Correlative Metrics of Adherence to Immunosuppression in Upper Extremity Transplant Recipients - Pittsburgh Experience
Firuz G. Feturi, PhD1, Vincent Chavanon, MD1, Jaimie Shores, MD2, Gerald Brandacher, MD2, Andrew Lee, MD2, Joseph Losee, MD1, Kia Washington, MD1, Mario G. Solari, MD1, Raman Venkataramanan, PhD1, Vijay Gorantla, MD3, Alexander M. Spiess, MD1.
1University of Pittsburgh, Pittsburgh, PA, USA, 2John Hopkins University, Baltimore, MD, USA, 3Wake Forest Baptist Medical Center, Winston-Salem, NC, USA.
Patients' adherence to their immunosuppressive regimen is vital for favorable immunologic and functional outcomes. Poor medication adherence MA remains a major cause of preventable graft rejection. Self- and physician report are the common methods used to assess adherence in clinical settings, they are often inaccurate and may underestimate nonadherence. Data related to MA and accurate method to assess MA in upper extremity transplants (UETs) have not been adequately evaluated and are thus not available. We present our experience of MA monitoring utilizing an objective and subjective battery of measures including patient, protocol (drugs/endogenous materials level measurement), graft, and physician related metrics.
Between March 2009 and September 2010, 5 patients received 8 UETs (2 unilateral, 3 bilateral) with a mean follow-up of 2.3 years. Post-transplant adherence to immunosuppression was evaluated using subjective and objective metrics. Patients completed Morisky Medication Adherence Questionnaire (MMAQ8). Patient records were reviewed retrospectively to assess intra-subject variability (ISV) of tacrolimus trough levels, number of blood draws and therapy visits, biopsy results, donor specific antibodies (DSA), cellular mediated immunity (Cylex). ISV of trough levels was determined by coefficient of variation (CV, %) of trough levels taken between 6 and 18 months post-transplant. Median CV of the overall cohort is the threshold of variability 28.3 (range 23.4-43.3). Total adherence scores were correlated with the outcomes (# of severe rejection episodes, and Carroll (function) and DASH (disability) test scores).
High intra-subject variability 32 (range 19-40.7) in tacrolimus troughs was observed in all patients during the first six months. All patients experienced acute rejection (AR) episodes during the first 3 months. Patients 2 and 3 reported high adherence, while patients 1, 4 and 5 were moderately adherent, by self-reported MMAQ8 standards. Surrogate trends of fluctuating tacrolimus troughs with a CV 42.4, more frequent monitoring, DSA persistently greater >2000 MFI, greater variability in Cylex data, and repetitive AR with a trend toward higher Banff grades mandating increased immunosuppression indicate non-adherence in Patient 1. He had allograft failure, and underwent explanation 4 years post-transplant. The fluctuating tacrolimus troughs with a CV 30 and repetitive AR episodes indicate low adherence in Patient 2. While Patients 3, 4 and 5 have demonstrated adherence to medication as evidenced by relatively stable tacrolimus troughs with CV 24, 28, and 23, less frequent monitoring, and a fewer number AR episodes. Total adherence scores were significantly correlated with the outcomes (r=-0.9). Among these metrics, ISV of trough levels was significantly correlated with the outcomes (r=0.7).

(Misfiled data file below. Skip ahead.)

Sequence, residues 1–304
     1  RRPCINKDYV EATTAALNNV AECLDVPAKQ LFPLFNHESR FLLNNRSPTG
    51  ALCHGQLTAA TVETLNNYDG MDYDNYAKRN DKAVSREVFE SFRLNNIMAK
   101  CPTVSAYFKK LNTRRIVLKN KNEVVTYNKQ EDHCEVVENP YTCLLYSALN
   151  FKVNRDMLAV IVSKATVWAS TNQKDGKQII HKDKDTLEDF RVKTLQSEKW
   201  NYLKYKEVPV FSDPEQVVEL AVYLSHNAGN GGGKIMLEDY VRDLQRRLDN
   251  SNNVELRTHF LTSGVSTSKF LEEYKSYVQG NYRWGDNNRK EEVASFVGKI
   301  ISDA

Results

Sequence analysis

Currently, no teams actively measure MA in UETs. Prevalence of non-adherence NA may thus be under-detected/reported. This study shows that post-operative assessment of patient behavior combined with selected clinical metrics including ISV of tacrolimus trough levels, number of blood draws and therapy visits, biopsy results, with self and physician report can better estimate
NA and identify at-risk patients, ensuring timely intervention with graft-sparing measures that improve outcomes. ISV of tacrolimus trough levels should be considered in the current monitoring protocols due to its relationship with adherence and to graft outcome.
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